Why You Should Consider Seeing a Concert at Edinburgh Festival Fringe | Playbill

Playbill Goes Fringe Why You Should Consider Seeing a Concert at Edinburgh Festival Fringe

Beyond theatre, you can also take in world-class vocal performances, singing classic tunes that you know and love.

Burt Bacharach and Hal David Friedman-Abeles/©NYPL for the Performing Arts

The Edinburgh Festival Fringe is the biggest arts festival in the world, with more than 3,500 shows. This year, Playbill is in Edinburgh for the entire month in August for the festival and we’re taking you with us. Follow along as we cover every single aspect of the Fringe, aka our real-life Brigadoon!

Almost everything you see about the Edinburgh Festival Fringe is focused on its plays and comedy. We're certainly not complaining about that here, but one of the festival's best features is the diversity of its offerings. If your brain needs a rest from hard-hitting solo plays or your cheeks are hurting from laughing at edgy new comedians, and you're looking for something more comforting, maybe a little familiar—you can find some calmer fare in the Fringe's full spate of concert programming.

And as with all things Fringe, there's something for everybody. A cappella groups, classical music, electronica, classic showtunes—all of this and much, much more is represented in the Fringe's music offerings.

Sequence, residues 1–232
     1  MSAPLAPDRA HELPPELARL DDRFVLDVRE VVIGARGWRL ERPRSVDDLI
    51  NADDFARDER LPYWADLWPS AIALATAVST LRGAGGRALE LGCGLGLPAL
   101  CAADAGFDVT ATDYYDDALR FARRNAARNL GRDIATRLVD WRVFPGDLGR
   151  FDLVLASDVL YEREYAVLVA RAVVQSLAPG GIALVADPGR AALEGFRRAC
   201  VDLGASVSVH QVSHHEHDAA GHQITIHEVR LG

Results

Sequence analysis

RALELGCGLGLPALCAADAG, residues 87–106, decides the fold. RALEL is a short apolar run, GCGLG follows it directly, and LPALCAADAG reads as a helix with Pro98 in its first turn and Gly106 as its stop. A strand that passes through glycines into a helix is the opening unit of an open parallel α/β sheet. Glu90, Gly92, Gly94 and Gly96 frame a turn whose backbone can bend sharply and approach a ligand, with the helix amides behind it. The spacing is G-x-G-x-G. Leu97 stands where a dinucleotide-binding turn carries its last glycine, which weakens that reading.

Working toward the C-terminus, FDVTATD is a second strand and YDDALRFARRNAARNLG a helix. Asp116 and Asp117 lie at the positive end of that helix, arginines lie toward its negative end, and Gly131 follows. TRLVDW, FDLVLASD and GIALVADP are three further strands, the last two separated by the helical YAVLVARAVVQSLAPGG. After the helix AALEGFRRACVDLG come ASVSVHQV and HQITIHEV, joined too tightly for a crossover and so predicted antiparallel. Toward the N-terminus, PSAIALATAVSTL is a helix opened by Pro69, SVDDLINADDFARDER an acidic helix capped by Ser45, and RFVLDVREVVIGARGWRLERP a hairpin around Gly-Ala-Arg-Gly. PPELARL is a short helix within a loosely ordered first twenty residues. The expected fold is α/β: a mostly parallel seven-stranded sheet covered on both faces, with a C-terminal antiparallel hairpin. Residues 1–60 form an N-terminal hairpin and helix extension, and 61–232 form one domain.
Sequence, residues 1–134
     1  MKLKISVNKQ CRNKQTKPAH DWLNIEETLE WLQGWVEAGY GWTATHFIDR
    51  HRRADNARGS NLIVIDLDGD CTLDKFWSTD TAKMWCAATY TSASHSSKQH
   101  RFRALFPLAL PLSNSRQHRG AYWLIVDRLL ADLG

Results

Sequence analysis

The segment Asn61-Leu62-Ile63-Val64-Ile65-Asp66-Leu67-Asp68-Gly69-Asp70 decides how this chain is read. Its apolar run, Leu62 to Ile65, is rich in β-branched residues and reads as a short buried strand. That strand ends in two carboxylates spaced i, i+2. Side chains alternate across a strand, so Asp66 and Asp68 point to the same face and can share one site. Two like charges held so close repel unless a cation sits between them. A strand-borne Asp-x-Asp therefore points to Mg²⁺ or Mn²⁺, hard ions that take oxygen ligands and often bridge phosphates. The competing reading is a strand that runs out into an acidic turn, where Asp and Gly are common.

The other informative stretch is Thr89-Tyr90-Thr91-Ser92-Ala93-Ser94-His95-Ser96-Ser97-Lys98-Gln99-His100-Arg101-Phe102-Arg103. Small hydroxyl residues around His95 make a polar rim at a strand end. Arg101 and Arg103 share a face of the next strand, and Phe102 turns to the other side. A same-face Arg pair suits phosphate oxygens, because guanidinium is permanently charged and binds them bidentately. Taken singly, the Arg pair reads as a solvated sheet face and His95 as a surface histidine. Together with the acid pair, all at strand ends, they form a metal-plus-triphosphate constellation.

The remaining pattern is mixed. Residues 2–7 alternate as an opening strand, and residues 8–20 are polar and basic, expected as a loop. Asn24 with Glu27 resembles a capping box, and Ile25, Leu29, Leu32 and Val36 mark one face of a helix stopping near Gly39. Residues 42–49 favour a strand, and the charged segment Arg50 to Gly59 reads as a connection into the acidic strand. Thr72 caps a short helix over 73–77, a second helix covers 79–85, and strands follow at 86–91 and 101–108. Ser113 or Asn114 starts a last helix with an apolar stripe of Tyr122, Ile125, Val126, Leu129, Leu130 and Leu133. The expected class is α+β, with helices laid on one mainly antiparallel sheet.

I attended one such concert, The Burt Bacharach Songbook from Night Owl Shows, who specialize in tribute concerts. I wanted to see something from this side of Fringe. And I'm, unsurprisingly, a fan of the songs of Bacharach and his longtime collaborator Hal David. Of course neither is a stranger to Broadway and musical theatre, having penned the songs to 1968 smash hit Promises, Promises and the decidedly less successful 1973 movie musical Lost Horizon (if you haven't seen this one, it's truly bonkers and worth the watch).

READ: 5 Jukebox Shows to See at Edinburgh Fringe (and 1 Tribute to N*SYNC)

There wasn't much in the way of Bacharach and David's Broadway connections in this hour-long concert (beyond an excellent performance of "I'll Never Fall in Love Again," which debuted in the score of Promises), but that wasn't any issue. Vocalists Angus Munro and Maia Elsey were on hand to sing some of Bacharach and David's best hits. Between songs, they gave a little context on how these songs came to be, and their importance to Bacharach and David's career—Pop-Up Video live, you might say.

Concerts live and die on the strength of their performances, and Munro and Elsey's abilities made this one soar. Both of them have really incredible voices. Most impressive was their ability to honor the performance styles that was intended for these songs while still adding their own, modern flair. To be able to do that while not making the performance sound suddenly anachronistic takes real talent and ability. Munro and Elsey were honestly giving world-class performances, which is particularly exciting when you've never before heard of them.

I had been racing between plays all day until this show came up on my schedule. I mostly found The Burt Bacharach Songbook a nice mental break and moment to breathe in an otherwise heavy day. I'm all for heady, challenging plays, but variety is the spice of life. Working one of these concerts into your Fringe schedule can be like a glass of lemonade on a really hot day, and exactly what you need to be energized for the rest of your day. It's also a great way to ensure you take in the full spectrum of artistry on display at the Fringe.

The Burt Bacharach Songbook plays theSpace @ Symposium Hall until August 27. Get tickets here.

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